Please conduct ALL of your discussion in regards to Matt Hammill facing Keith Jardine in this thread. All threads made in regards to this fight will be merged into this one.
Nah, you just cant keep coming back from brutal knockouts like that. He's been shut off too many times. His punch resistance will only get worse than it already was, which is sad considering how bad it was when he started. I won't count him out totally, but he's damaged goods, and probably should retire with his health.I think people are counting Jardine out too early. It will be a tough fight but I am hoping Jardine comes back with a win so he can stay on for a little while longer.
Hammil actually had much improved Striking vs Jones , i know it there wasn't much of striking in that match but still he didn't telegraphe any strikes like he used too . and i don't see Jardine being able to do greg jackson safe game here , hammil always come forward and jardine won't take him down or control him in the clinch cause hammil is too strong for that . Hammil KO round 2 .ill go with jardine here, a lower tier opponent with looping wild punches means as long as jardine plays it GJS (greg jackson safe) he will get a ud.
I think Hammil's striking has come a long way and is going to be way better than Bader's, but he wont have those 1 punch haymakers to get the KO. If he can wobble Jardine with his jabs then he might get a TKO on the ground.Hammil actually had much improved Striking vs Jones , i know it there wasn't much of striking in that match but still he didn't telegraphe any strikes like he used too . and i don't see Jardine being able to do greg jackson safe game here , hammil always come forward and jardine won't take him down or control him in the clinch cause hammil is too strong for that . Hammil KO round 2 .
Lets be honest Jardine has fought Chuck Liddell and Quinton Jackson and neither guy knocked him out. His chin is not that bad and its getting really exaggerated here. I mean Thiago Silva hits hard he had Rashad reeling to, Wandy is a killer. I mean really he can take a punch but its his defense, he gets hit a lot and when you allow your opponent to use you face as a punching bag eventually your gonna get hit with a punch that you can't take.
LinkWhen you've hit bottom, there's nowhere to go but up.
That's how Keith Jardine feels heading into his meeting with Matt Hamill (8-2 MMA, 7-2 UFC), which co-headlines The Ultimate Fighter 11 Finale in Las Vegas this Saturday.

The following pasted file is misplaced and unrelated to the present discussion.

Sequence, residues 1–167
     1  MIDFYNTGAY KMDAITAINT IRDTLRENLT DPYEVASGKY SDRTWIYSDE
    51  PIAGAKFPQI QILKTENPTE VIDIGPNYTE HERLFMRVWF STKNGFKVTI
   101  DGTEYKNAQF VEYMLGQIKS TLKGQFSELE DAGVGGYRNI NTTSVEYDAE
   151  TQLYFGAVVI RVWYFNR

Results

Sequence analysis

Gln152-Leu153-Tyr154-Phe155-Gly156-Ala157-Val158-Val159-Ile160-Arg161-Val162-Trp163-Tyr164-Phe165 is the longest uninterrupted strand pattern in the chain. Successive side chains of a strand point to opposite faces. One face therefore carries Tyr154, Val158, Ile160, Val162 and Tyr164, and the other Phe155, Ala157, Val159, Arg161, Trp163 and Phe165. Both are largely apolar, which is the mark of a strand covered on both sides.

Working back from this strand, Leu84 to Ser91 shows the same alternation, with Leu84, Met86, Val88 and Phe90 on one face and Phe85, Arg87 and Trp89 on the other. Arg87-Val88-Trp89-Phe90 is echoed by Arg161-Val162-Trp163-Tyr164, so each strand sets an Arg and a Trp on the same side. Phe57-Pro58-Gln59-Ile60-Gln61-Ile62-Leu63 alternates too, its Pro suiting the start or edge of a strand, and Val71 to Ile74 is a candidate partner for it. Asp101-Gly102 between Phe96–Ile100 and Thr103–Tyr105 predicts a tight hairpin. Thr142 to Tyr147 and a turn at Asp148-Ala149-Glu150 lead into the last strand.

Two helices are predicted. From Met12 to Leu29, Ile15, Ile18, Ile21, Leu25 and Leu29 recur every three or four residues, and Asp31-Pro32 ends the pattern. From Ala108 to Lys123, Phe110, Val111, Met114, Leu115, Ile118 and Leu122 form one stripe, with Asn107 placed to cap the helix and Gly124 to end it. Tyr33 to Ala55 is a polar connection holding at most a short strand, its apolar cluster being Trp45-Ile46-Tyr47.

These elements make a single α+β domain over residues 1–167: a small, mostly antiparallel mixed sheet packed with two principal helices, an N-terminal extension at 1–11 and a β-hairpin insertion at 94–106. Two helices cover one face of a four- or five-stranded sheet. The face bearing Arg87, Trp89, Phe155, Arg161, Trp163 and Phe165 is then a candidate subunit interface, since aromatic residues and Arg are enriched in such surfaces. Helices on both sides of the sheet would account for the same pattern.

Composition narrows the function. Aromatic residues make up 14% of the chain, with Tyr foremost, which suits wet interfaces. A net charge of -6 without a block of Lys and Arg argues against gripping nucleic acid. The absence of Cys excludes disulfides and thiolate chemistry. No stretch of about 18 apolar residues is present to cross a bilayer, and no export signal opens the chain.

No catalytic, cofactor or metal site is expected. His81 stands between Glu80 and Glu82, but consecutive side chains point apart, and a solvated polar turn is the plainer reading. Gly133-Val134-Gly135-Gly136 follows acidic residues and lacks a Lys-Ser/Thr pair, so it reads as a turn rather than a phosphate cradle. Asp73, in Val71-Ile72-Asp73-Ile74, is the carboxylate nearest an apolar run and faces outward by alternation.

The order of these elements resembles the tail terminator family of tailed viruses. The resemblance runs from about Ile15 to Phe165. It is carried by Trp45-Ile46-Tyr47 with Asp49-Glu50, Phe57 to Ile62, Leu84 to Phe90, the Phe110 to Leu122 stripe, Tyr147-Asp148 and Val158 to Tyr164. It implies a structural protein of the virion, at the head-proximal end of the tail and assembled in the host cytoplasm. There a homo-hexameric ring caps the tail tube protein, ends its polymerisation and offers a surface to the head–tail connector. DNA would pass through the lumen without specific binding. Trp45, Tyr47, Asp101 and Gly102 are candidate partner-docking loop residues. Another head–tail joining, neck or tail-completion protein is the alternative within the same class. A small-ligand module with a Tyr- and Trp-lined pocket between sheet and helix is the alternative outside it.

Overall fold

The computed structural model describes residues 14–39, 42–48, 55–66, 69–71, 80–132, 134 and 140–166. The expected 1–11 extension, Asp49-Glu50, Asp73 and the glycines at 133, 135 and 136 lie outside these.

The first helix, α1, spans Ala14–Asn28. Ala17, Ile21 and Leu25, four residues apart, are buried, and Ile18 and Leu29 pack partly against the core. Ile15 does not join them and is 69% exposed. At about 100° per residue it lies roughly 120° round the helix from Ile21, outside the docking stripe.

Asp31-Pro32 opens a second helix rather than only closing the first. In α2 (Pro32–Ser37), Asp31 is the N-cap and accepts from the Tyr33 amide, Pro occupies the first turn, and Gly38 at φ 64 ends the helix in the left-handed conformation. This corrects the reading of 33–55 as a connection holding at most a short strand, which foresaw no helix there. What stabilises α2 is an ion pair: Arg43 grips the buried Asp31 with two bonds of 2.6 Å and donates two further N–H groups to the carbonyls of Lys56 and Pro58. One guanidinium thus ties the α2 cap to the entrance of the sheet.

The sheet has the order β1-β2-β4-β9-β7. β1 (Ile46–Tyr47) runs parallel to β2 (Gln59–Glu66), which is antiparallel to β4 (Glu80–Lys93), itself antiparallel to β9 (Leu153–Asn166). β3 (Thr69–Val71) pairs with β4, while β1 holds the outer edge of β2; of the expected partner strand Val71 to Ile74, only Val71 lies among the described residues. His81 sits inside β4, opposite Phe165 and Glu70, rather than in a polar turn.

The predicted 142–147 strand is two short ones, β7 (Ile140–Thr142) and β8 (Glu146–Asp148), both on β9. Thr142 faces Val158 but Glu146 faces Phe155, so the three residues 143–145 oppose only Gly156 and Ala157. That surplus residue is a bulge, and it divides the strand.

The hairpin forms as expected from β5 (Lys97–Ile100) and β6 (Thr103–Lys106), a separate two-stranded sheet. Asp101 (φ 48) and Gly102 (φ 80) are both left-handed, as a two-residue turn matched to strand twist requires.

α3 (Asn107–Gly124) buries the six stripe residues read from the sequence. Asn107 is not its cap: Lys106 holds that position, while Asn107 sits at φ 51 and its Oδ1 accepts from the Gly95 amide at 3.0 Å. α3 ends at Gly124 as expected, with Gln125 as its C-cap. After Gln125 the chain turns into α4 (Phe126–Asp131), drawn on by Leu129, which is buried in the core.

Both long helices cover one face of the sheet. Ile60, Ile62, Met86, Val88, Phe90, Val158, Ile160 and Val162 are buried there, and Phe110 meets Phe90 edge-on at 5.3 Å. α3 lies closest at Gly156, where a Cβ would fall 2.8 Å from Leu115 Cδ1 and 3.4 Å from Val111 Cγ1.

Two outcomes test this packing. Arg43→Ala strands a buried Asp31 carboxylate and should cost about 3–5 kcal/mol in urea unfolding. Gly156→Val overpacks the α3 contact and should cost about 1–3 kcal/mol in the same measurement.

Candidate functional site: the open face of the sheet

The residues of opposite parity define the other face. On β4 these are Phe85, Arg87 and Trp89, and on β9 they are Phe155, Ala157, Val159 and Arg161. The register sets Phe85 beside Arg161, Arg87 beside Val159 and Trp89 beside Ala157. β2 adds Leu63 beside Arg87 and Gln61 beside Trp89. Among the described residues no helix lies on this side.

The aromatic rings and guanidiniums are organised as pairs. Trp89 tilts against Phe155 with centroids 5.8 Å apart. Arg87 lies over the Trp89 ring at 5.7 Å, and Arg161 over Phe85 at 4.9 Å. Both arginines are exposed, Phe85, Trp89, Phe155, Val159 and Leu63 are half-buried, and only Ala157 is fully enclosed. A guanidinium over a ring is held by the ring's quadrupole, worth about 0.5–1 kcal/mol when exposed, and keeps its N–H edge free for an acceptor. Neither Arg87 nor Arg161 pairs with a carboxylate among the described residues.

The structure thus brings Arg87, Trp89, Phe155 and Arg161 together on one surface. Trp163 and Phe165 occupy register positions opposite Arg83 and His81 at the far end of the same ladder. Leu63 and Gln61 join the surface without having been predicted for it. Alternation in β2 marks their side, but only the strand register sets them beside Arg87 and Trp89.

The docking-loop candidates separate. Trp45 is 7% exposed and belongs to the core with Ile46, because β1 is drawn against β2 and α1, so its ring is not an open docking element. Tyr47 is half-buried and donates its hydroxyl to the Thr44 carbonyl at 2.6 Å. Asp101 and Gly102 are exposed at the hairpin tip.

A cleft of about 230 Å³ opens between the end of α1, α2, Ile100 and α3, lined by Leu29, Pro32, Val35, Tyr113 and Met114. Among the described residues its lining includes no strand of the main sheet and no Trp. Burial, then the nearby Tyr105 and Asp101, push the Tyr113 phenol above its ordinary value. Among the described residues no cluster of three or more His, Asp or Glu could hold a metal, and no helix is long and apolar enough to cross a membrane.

"I want to get rid of all my losses (and) all my wins," Jardine (15-7-1 MMA, 6-6 UFC) told MMAjunkie.com (www.mmajunkie.com). "I want to put those behind me, and I've never done that before. I've never started fresh, and that's what this is for me."
The reserved Jardine said he is a new fighter after several painful setbacks in the octagon.
The bearded fighter and former bounty hunter has long been considered a rare bird in the light-heavyweight division for his herky-jerky, unorthodox striking style that confounds opponents.
He defeated Forrest Griffin and Chuck Liddell at UFC 66 and UFC 76, respectively, and was on his way to a contender bid in late 2007.
But after a string of losses to Wanderlei Silva, Quinton Jackson, Thiago Silva and Ryan Bader – three of them by brutal knockout – he was forced to get real about what had first brought him success in the sport.
"I've been growing through some growing pains, and I've been in a little bit of a slump," he said. "I needed to go through those pains to get to here."
Jardine trains with some of the best fighters in the world at Greg Jackson's MMA, though he said that he had doubts about his abilities even when he was winning.
"In my heart, I knew that I wasn't where I wanted to be," Jardine said. "I wasn't ready to carry the UFC torch yet."
After his most recent loss, a knockout at the hands of Ryan Bader at UFC 110, Jardine, a veteran of "The Ultimate Fighter 2," sat down with coaches Jackson and Mike Winkeljohn to figure out what was going wrong. He couldn't prepare more or train any harder before fights; that he knew.
As it turned out, his attempts to be orthodox took away his unconventional edge in striking. He was caught in between doing what worked and what he thought he should do.
"I tried to be too polished and too planned in everything I was doing, and I think I've come full circle now," he said. "I think I'm ready to let loose and exhibit a lot of stuff I've been doing."
Jardine said he feels marked improvement in the gym when he relaxes.
"I didn't really know what I was doing that was making it so hard for people to fight me, and now I do," he said. "It's more doing it on purpose than on accident."
Hamill, a veteran of "TUF 3," is a collegiate wrestling standout and has heavy hands. He has stopped five of his opponents with strikes, though he considers his most recent performance against Jon Jones a loss. (Jones dominated Hamill but was disqualified for illegal elbow strikes in a fight this past December.)
However, Jardine is unconcerned about Saturday's style match-up or what he stands to lose in the event of another setback. He is fighting for a fresh start.
"Honestly, this fight's been more about me than Hamill," he said. "Hamill brings some really good stuff to the table, but this training has been more about getting me to where I need to be. Trying to have a little bit more fun and being more free in my boxing and my wrestling and my jiu jitsu.
"It's not about what people think of me (or) about my history of wins and losses. I don't care about any of that. This is all about me and going out there and having fun fighting.
"I'm in a better place than I've ever been."